- Where the
clearance is solely for the purposes of providing fencing material or
firewood for use (for a period not exceeding 2 years from the date of
clearance) by the owner of the holding on which the vegetation was
situated and the nature of the clearance is reasonable.
- Where the
clearance is solely for the purpose of establishing or maintaining
fences, firebreaks or tracks and the nature and extent of the clearance
- By grazing of
domestic stock at a rate that does not exceed the average of which
stock of that species had grazed the land in the previous 5 years.
- If the
vegetation was sown or planted by man
- Where the
clearance is incidental to exploratory or mining operations authorized
under the Mining Act, 1971 or the Petroleum Act, 1940.
- Where the land
on which the vegetation is situated was used for cultivation or pasture
within 5 years immediately before the proposed clearance occurs.
- The clearance
is necessary to maintain the land so that it can continue to be used
for either cultivation or pasture to the extent to which it had been
used for those purposes within the immediate preceding 5 years.
- The vegetation
has a stem diameter at ground level of 150mm or less
- The vegetation
is of the genus Xanthorrhoea.
- The clearance
is incidental to the lawful construction of a dam that will be used for
- The vegetation
to be cleared comprises trees with a stem diameter at ground level of
- The land on
which the vegetation is situated has been cleared of all other native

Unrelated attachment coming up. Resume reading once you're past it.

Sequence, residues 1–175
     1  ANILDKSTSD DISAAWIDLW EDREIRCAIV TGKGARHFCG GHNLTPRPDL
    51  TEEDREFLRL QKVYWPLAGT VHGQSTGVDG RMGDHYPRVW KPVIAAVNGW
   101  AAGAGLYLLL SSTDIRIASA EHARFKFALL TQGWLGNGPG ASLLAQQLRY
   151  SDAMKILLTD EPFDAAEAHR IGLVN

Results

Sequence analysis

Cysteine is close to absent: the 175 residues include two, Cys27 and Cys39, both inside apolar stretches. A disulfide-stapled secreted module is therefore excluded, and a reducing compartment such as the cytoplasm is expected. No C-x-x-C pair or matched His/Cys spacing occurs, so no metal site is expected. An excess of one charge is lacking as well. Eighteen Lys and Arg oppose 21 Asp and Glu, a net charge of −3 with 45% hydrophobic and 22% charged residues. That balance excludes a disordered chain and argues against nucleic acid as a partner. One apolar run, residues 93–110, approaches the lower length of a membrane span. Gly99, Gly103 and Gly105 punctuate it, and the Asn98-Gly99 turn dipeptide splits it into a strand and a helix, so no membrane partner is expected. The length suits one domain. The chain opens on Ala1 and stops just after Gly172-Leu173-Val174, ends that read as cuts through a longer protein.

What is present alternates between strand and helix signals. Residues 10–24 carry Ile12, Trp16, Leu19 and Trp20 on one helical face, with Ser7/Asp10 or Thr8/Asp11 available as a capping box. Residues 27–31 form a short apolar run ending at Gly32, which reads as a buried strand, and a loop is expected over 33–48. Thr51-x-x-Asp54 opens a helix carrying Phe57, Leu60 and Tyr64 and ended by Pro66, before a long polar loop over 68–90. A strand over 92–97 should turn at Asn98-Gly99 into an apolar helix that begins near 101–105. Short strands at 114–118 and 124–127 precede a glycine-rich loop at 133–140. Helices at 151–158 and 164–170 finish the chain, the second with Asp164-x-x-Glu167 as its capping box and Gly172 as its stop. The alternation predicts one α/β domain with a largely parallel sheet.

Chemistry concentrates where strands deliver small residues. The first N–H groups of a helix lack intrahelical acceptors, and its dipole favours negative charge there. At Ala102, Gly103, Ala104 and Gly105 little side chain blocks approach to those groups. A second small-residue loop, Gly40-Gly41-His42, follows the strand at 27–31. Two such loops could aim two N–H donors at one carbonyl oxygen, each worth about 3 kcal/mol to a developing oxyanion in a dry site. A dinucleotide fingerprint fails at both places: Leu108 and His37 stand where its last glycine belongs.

vegetation and has been maintained during the immediately preceding 5
years for cultivation or pasture.
- Where the
vegetation is situated within 20m of a dwelling (except in a number of
sections in the Hundred of Waterhouse and within the Town of Robe).
Native Vegetation Management Act, 1985 also establishes the Native
Vegetation Authority to which application must be made for the
clearance of native vegetation if the clearance does not fall within
any of the exceptions above. If the authority refuses consent the
landowner may be entitled to a payment by the minister for
compensation after he has entered into a Heritage Agreement over the
land not cleared.
occupier of private land must take reasonable and effective measures
to eradicate proclaimed noxious plants from the land. A Pest Control
Board is responsible for the destruction of pest plants on all lands
owned by the Board and on all public roads within its control areas.
is a duty on every council to take all prescribed steps for the
destruction and suppression of noxious insects within the area under
the Noxious Insects Act, 1934.
Water Resources Act, 1991 provides for the assessment,
and development of the water resources of SA particularly,
"watercourses". A "watercourse" is defined to